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Jesus, God and miracles - is this what we would expect?

Discussion in 'Christian Apologetics' started by InterestedAtheist, May 13, 2019.

  1. cloudyday2

    cloudyday2 Generic Theist Supporter

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    Here is a Wikipedia page on the topic. In the ancient near east, if you were the ruler of some city whose patron God was "Whatchamacallit" then one of your honorifics would be "son of Watchamacallit", denoting your role as Watchamacallit's faithful steward of his city and people.
    Son of God - Wikipedia

    On the bible quotes, you can probably search the bible yourself. I believe there is a Psalm where King David is called the "son of God" or the "son of the Most High" or something. King David of course is considered a foreshadowing of Jesus the Messiah.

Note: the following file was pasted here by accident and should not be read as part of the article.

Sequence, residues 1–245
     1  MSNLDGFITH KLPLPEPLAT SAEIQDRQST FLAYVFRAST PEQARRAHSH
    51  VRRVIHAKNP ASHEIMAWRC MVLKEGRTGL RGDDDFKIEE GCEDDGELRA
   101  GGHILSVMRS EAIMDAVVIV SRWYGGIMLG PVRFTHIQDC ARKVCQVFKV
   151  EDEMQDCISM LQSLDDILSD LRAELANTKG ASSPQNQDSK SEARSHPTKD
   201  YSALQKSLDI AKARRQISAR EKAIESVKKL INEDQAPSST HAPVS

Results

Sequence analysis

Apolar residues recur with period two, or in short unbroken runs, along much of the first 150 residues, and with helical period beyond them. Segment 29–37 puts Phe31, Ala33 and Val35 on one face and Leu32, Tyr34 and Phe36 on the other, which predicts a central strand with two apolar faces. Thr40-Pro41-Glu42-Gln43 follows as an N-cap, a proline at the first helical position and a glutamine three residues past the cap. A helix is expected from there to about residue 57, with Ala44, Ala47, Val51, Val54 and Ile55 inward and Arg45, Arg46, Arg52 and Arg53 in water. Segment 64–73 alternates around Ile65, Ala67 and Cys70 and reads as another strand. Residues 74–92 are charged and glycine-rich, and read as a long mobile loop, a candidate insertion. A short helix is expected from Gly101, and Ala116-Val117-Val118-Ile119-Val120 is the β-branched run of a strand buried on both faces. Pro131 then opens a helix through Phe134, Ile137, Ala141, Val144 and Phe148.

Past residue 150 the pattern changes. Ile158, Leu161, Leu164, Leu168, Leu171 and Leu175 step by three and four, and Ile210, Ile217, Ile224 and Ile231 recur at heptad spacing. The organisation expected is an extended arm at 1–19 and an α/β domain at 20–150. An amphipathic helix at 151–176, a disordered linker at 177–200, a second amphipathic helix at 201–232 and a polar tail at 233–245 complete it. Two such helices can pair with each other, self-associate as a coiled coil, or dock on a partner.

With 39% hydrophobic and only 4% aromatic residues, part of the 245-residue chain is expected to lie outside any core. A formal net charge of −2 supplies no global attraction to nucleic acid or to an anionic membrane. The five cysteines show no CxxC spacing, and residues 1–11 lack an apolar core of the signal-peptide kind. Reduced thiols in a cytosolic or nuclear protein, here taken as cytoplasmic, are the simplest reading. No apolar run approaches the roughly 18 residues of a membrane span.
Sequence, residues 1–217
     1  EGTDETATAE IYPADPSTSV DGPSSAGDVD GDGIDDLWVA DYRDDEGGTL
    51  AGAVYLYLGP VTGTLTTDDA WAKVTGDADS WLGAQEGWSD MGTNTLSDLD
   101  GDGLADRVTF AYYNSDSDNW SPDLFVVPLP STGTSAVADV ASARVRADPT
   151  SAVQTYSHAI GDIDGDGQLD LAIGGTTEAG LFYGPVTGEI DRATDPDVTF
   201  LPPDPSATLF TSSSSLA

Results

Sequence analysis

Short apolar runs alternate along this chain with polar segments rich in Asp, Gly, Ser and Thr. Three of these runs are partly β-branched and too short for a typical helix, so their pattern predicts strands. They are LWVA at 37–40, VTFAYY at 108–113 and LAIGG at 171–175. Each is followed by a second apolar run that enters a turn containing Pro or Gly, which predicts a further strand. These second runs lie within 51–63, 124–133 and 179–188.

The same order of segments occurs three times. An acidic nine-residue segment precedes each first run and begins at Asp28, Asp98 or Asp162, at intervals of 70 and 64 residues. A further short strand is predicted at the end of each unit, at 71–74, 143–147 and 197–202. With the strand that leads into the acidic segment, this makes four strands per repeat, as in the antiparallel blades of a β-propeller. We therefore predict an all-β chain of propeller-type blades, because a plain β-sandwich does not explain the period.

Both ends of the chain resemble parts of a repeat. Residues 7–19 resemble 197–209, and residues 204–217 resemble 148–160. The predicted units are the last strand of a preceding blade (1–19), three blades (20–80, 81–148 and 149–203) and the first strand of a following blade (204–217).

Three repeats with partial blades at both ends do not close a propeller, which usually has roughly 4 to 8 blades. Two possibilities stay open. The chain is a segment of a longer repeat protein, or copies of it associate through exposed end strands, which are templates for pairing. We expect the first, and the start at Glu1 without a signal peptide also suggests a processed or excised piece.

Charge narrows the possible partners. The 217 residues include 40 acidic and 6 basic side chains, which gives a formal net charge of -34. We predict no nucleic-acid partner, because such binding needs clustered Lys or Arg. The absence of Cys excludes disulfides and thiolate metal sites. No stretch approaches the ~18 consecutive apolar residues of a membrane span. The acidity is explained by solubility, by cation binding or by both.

Anyway, "Son of God" was like saying "representative of God". The title didn't mean the person was divine.

    "Son of Man" on the other hand, would have been claiming a more heavenly nature. Interestingly, there are some sayings of Jesus where he refers to the Son of Man without suggesting that he is the Son of Man. Some scholars think that these sayings are more authentic than the other sayings where Jesus claims to be the Son of Man.

    "Messiah" is another word with differing meanings. Originally any king was considered to be a "messiah", because he was anointed at his coronation. By the time of Jesus, the Jews had become more apocalyptic and they were expecting "THE Messiah" promised by Moses in Deuteronomy. Basically "Messiah" and "Son of God" and "King of the Jews" were the same title and didn't NECESSARILY imply divinity. ... "Son of Man" could either mean "just an ordinary man" or it could refer to the vision in Daniel and the Book of Enoch.